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[F-117A and LTC Bob Ridenhauer-cover Nov/Dec 97 AeronauticalPioneers.()]

Aircraft Losses

Ltc Bob Ridenhauer (LADC)
Bandit #103 (????, 1982)
April 20, 1982
F-117A #80-785
Cause: Crossed controls

The first crashof aproduction F-117A occurred on April 20, 1982 during its first test flight(but before the acceptance flight, therefore the aircraft not beingcounted as accepted in the manifest) by Lockheed test pilotLtc BobRidenhauer in aircraft #80-785. This aircraft, like thosebefore it, was delivered to Groom Lake on February 27, 1982 by a C-5 Cargo plane in threecomponents-the body, and the two wings. Once safely inside of a hanger, the wings were thenreinstalled.

The F-117A and all of it's controls appeared to function normally on theground and in taxi tests that had started on April 17th. (However, itshould be noted that the pilots who usually accompanied in achase car were all in the simulator.)On April 20th, 1982 Ridenauer opened the throttles and released thebrakes.The aircraft rolled to takeoff speed and Ridenauer pulled back on the stick to lift the craft's nose off the ground. Reports say the instant the nosewheel left the runway, the F-117A went bezerk, first yawing violently to one side and thenpitching upward, out of control, while continuing to diverge in yaw. Ridenauer never had the chance to eject before the F-117A lost control, went inverted and going backwards, and augered in on the side of the lake bed just off therunway, catching fire in the process.

[The only pilot to fly all three great Skunk Works aircraft.()]Fortunately, thecockpit section held together and crash and rescue trucks arrived on the scene in seconds with Ridenauer still stuck in the cockpit. Once the fire was confirmed to be out, the crash crew took about 20 minutes to cut Ridenauer out of the cockpit. He survived, but was seriously injured and spent eight months in the hospital at a cost to Lockheed and the Air Force of about $700,000. He was forced to retire from flying. He was one ofonly a few to have test flown all three of the most famous SkunkWorks aircraft- the U-2, the SR-71, and the F-117A.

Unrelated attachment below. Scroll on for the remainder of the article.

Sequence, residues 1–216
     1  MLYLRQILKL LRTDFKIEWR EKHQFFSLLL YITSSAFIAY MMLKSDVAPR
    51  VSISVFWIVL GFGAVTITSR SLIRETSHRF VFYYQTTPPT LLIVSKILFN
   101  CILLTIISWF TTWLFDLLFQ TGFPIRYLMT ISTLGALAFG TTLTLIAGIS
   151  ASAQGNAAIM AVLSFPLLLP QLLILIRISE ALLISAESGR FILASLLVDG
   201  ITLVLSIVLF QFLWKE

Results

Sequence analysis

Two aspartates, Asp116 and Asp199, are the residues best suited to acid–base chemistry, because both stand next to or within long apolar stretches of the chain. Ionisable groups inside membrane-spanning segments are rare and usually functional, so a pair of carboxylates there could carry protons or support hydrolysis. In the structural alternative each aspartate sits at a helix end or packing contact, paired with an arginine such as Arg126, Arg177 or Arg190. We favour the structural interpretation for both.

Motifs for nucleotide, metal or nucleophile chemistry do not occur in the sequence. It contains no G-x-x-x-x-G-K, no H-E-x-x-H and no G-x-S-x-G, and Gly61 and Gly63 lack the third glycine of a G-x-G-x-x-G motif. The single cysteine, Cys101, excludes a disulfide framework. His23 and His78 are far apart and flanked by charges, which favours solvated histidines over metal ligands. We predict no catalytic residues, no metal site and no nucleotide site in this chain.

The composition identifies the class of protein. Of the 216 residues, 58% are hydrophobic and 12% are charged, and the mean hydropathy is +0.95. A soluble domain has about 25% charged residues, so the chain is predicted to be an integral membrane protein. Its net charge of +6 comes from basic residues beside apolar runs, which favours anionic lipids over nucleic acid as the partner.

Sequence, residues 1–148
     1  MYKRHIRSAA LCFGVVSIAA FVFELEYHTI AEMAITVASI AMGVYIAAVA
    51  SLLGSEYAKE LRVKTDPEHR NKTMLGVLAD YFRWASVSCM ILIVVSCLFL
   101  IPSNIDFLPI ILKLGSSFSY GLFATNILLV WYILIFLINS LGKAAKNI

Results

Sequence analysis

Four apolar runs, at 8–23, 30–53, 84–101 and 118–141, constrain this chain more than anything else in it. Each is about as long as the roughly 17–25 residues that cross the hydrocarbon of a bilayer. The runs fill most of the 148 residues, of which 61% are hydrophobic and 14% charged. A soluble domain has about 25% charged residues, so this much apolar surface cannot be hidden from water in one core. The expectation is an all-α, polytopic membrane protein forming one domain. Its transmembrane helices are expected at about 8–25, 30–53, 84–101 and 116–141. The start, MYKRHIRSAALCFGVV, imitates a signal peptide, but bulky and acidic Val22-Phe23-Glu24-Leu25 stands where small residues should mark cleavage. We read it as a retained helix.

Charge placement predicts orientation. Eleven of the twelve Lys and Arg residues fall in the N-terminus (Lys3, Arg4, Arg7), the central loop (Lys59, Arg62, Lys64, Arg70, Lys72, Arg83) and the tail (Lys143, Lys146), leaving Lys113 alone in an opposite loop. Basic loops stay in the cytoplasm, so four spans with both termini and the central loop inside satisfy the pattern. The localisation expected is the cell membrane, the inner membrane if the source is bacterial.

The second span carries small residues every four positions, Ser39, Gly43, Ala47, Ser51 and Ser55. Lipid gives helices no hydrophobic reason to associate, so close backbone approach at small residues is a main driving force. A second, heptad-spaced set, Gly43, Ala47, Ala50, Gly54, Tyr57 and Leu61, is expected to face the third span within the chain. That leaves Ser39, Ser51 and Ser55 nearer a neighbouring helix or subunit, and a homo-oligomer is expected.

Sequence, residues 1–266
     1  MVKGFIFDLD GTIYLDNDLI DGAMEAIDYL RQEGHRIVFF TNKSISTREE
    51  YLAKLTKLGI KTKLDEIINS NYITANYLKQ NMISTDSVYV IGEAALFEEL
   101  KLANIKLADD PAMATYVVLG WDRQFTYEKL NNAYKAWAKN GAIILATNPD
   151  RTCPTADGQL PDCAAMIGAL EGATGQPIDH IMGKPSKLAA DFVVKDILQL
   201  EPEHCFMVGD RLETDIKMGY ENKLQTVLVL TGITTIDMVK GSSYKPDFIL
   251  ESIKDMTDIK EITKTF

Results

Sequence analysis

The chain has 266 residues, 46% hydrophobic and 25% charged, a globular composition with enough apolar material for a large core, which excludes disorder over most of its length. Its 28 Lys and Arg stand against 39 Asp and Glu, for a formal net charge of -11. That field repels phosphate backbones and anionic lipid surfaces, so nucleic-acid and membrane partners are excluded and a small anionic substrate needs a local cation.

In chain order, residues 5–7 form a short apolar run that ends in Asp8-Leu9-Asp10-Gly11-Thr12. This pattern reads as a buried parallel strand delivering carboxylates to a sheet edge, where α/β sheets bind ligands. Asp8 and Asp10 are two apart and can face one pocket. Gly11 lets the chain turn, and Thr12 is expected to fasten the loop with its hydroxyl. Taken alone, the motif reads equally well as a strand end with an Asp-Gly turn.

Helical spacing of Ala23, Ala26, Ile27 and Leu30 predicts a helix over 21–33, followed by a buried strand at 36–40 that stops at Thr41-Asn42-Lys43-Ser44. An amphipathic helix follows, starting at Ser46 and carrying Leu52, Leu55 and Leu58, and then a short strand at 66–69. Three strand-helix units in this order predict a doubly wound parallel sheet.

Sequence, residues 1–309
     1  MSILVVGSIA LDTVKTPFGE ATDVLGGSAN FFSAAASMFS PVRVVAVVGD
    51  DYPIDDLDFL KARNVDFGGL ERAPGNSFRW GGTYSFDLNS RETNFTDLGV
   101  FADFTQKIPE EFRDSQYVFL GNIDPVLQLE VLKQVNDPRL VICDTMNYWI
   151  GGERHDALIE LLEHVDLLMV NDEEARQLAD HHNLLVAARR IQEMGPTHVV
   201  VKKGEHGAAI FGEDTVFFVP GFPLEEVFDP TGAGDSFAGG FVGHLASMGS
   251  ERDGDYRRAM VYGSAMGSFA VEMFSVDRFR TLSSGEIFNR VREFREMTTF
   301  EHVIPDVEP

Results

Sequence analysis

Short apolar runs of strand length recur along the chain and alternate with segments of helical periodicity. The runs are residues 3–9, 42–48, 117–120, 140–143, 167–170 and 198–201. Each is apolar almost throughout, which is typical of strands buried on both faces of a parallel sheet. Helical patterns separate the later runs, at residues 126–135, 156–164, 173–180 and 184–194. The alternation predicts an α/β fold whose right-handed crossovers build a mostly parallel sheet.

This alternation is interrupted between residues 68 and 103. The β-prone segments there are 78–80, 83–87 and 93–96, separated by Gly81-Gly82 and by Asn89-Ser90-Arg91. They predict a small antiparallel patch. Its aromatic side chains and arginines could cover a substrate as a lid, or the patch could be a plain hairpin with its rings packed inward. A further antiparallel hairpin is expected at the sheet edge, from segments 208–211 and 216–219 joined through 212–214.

Investigators foundthat the flight control system on the aircraft had been assembled incorrectly not at Groom Lake, but at the factory in Burbank.A major design change in thesystem caught Lockheed workers off guard: the input points on the flight control computer were placed in a different sequence than they had been on the previous version. The rate gyros had been reversed. When the cables wereconnected the original way, the computer ended up reading pitch gyro as yaw and yaw gyro as pitch. Whenthe aircraft pitched upward on takeoff, the change in angle was detected by thepitch gyro and fed to the yaw channel of the computer. The computer instantly compared this with Ridenauer's movements of the rudder pedals, determined that the aircraft was making an uncommanded yaw movement and "corrected" it with a hefty swing of the all-moving rudders. This caused the aircraft to make a real yaw movement, opposite to the false one detected by the computer. The computer, of course, interpreted the signal as an uncommanded pitch movement and moved the elevons to correct it.

This was a high-techversion of the "crossed controls" to which older aircraft, with cable-operated controls, were vulnerable. Ridenauer had madeprevious taxi tests, moved the controls and checked their operation before flight. But as long as the aircraft was not airborne, the crossed gyros would not detect any movement, and thecomputer would operate the controls properly. It required real-world inputs-the movement of the whole aircraft-before the problem would surface."

This firstproduction F-117A (#80-785) was supposed to become a de-facto FSD aircraft. However, because of this crash, the nextaircraft delivered(#80-787) became the defectoFSD to generate performance and handling data and to test the many small improvements that Lockheedengineers had worked into the aircraft. Therefore the third aircraft delivered, thesecond production aircraft (#80-786) was the first truly operational non-evaluating aircraft.

[F-117A #785 at Skunk Works ()]

The batteredairframeof #80-785 returned Lockheed Skunks Works in Burbank as a functional engineering airframe test fixture used to test the fit of new components. At one time, there was talk of placing a bubble canopyon the airframe, restoring it to flight status, and creating an elevated cockpit two seat trainer, but this program was canceled. Airframe #785 wascombined with structural test articles #778 (Forward fuselage/cockpit) and#779 (Mid fuselage/weapons bay) to form a "mutt" F-117Awhich now sits on a pole in front of the Skunk Works EngineeringBuilding in Palmdale, Calif. as a gate guardian. On the left side of thecanopy is "Ltc. Bob Ridenhauer". The right hand side bears the name of"Ben Rich".

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